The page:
Part one: what do I want?
I hinted at this topic in a previous post. I have a big collection of (mostly) paperback Science Fiction books – some hardcover books too. I used to read a lot more in the pre-Internet days, nowadays it’s just during my holidays that I get enough time to read whole books in a short enough time… so many of those old paperbacks are 20-30 years old and yellowed.
In this digital age it would be appropriate to have digital versions of my books and save them from crumbling to dust. I am in anticipation of Sony’s new e-reader, the PRS-T1 which I want to buy once it is out:
This is a very nice device. It is also a lot cheaper than the previous generation Sony e-reader (the PRS-650) while at the same time adding wireless connectivity. This device needs content once I have it in my possession.
A lot of the “newer” books, and those written by contenporary authors can be purchased online, or downloaded from fan sites where people scan their own collections into EPUB or MOBI e-books. That is all good and well, but on my bookshelves I have many dozens good books that will probably never see a new life as an e-book. That is very unfortunate… I had a lot of fun reading them and do not want to see them go into oblivion.
I decided to do something about this. I am going to try and describe (and hopefully implement) how I am going to digitize my book library. Note: at the moment this is all just ideas, “dreams” if you wish, although I have already found quite a bit of information on the Internet that I will be sharing with you. I want it to be more than just a dream.
What does one need to get a paper book converted into an e-book?
- the book’s pages need to be scanned
- the scanned bitmaps may have to be cleaned-up digitally (enhancing the contrast between characters and background, de-skewing or rotating the text blocks, …)
- I need an Optical Character Recognition (OCR) program to convert the bitmap images into character text
- I need an e-book editor to layout the bare text that I got from the OCR program – the ebook has to look largely like the original paper version.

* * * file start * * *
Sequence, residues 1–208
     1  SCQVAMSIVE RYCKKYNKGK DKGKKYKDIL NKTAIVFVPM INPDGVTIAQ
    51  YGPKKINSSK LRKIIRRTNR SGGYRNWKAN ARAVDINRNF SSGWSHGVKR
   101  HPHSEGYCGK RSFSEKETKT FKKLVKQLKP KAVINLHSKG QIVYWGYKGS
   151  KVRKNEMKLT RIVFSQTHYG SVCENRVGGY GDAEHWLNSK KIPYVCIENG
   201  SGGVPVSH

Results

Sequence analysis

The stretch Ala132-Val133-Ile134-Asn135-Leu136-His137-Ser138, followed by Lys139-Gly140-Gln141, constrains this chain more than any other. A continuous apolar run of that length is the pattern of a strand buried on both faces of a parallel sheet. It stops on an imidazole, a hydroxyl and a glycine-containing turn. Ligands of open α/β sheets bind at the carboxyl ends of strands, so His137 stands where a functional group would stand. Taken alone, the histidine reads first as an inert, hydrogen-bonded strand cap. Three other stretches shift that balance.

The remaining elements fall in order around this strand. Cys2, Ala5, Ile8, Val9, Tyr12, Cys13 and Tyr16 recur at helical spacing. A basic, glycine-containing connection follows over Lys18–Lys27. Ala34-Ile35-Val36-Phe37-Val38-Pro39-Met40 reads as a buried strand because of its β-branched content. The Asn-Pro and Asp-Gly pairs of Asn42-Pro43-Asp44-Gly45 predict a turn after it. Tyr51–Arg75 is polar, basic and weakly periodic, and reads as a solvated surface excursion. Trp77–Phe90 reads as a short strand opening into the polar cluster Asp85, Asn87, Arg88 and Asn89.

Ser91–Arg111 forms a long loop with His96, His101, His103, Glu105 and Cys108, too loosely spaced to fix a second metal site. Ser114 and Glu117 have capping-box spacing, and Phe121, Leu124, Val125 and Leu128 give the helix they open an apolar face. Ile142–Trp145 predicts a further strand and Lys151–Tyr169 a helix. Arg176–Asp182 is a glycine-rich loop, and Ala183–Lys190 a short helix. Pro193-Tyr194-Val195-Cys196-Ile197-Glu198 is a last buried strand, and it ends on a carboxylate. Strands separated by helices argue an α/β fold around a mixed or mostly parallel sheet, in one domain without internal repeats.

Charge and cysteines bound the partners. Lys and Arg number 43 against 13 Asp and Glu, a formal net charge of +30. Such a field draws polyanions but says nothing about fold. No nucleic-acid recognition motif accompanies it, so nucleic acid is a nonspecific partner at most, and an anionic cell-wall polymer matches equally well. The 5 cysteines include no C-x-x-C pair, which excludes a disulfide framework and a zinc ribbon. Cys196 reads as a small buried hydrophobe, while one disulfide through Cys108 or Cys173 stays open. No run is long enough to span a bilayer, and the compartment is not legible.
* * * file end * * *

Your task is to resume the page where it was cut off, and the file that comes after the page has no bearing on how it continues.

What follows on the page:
- I want to use a library program to make my book catalogue available, to myself of course, to my e-reader device, and possibly to other interested parties.
And I want this to be as low-cost as possible. Any software that I am going to use for this should preferably be Open Source and run on Slackware.
Those are the main topics I will write about. Each of these topics deserves its own separate article. Why is that?
I can already see how this project will confront me with interesting challenges. I am going to write a multi-post story with interlinked articles (this being the first) in order to preserve this hobby project of mine for posterity. Having separate topic articles allows me to split up your feedback as well (heh… I hope I do get some feedback!), so that discussions about, say, scanning techniques will not interfere with talk about what is the best OCR program for Linux.
The articles are not going to be “static” per se. I value your feedback and important new insights will find their way back into the main text.
Let’s see where this ends. It is probably going to take days, or weeks, to write. It delends a bit on Slackware development – if that picks up speed again, I will have less time for this ebook side show. But for the moment , there is silence in the ChangeLog.txt and I have time to spare.
Thank the universe when Eric is bored!
Hey, great to see this initiative!
I have a large SciFi + IT collection of books as well, and married a teacher who loves to do research. Result: lots of books in the house. My current office has all four walls filled with shelves, and there is more in the living-room and bedroom…
Some books I found on-line, “official” or not. But many I would like to see digitized.
I’m eager to read your ideas about:
– resolution when scanning